Mid-morning on Sunday August 15, John Gerrish and Ellen Chung bundled up their one-year-old daughter, Miju, and their dog, Oski, and drove to the start of the Savage Lundy trail, a walking track not far from their home in Central California's Sierra National Forest.
The day was hot. Around 37°C. But the couple were carrying pouches filled with water and were, by all accounts, experienced hikers. Friends said they'd take weekend walks often, and their social media captured pre-parenthood adventures through arduous terrain like the Himalayas and Asia's Gobi desert.
But something on this routine family hike proved lethal.
The bodies of all three, along with the dog, were discovered on Tuesday, August 17, a day after they were reported missing.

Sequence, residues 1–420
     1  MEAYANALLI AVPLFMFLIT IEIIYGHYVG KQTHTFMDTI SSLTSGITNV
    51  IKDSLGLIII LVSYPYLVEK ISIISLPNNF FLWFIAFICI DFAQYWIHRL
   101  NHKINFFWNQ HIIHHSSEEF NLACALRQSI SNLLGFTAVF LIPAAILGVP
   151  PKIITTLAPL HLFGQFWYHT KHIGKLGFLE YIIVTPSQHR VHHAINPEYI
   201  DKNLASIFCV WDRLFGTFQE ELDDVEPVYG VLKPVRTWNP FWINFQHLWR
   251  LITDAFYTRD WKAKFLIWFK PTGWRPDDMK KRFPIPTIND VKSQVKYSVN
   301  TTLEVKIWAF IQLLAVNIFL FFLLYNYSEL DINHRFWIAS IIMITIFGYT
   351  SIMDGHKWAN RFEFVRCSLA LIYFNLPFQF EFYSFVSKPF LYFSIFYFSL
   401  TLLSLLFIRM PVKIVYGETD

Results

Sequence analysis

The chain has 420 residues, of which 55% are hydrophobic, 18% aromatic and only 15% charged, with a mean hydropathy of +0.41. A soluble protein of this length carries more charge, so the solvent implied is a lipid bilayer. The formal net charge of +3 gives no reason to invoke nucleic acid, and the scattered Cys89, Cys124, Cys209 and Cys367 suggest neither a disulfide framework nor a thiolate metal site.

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The couple's nanny had arrived at their house in the small community of Mariposa on Monday to find it quiet. Empty. No car. Not even Oski. When John, a software engineer, failed to log on for work that day, search and rescue teams were dispatched to the area.
After locating the family's car near the mouth of the trail, authorities swarmed through the forest and, roughly two kilometres away, they made the devastating discovery.
According to The San Francicso Chronicle, John, 45, was found in a seated position, with his daughter and dog alongside him. Ellen, 30, was a little farther up the hill.
It appeared the family was near the end of their hike when they perished.
Three weeks on, and despite initial autopsy reports, authorities are yet to determine what killed the family. There were no signs of trauma, and no indication that their deaths were intentional. They had water supplies remaining.
Speaking to the media, Mariposa County Sheriff Jeremy Briese said that he had not encountered such a mysterious case in his two decades on the job.